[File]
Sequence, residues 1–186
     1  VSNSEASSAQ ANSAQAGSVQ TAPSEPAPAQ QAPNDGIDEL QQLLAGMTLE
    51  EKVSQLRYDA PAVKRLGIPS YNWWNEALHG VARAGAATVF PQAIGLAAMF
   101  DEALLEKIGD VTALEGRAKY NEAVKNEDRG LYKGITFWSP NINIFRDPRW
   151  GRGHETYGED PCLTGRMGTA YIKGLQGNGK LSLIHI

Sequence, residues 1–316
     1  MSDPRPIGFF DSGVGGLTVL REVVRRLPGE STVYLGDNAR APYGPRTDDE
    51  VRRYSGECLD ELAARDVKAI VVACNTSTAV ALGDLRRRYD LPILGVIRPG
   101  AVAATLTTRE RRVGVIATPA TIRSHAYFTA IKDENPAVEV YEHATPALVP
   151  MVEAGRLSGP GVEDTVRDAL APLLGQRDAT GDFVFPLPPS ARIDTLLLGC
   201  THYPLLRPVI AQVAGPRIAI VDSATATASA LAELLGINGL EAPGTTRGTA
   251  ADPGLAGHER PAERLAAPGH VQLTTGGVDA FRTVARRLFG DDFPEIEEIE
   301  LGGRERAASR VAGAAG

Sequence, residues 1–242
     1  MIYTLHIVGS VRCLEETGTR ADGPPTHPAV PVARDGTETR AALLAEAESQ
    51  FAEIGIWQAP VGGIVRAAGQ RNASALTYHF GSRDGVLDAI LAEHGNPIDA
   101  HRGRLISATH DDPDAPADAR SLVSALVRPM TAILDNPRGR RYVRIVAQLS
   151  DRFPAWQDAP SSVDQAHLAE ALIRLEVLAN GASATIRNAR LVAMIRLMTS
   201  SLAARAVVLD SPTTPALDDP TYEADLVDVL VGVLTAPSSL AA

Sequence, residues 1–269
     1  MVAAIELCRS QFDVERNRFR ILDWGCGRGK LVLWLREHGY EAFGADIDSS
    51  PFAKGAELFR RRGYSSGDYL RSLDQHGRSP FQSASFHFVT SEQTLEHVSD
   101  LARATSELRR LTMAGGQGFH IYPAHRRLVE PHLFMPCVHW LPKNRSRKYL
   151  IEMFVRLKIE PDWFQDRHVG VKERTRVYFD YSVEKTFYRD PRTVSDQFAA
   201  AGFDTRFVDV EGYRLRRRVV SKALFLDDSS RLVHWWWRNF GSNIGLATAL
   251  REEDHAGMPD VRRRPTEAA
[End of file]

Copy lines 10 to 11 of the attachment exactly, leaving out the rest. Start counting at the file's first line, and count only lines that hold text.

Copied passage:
   151  MVEAGRLSGP GVEDTVRDAL APLLGQRDAT GDFVFPLPPS ARIDTLLLGC
   201  THYPLLRPVI AQVAGPRIAI VDSATATASA LAELLGINGL EAPGTTRGTA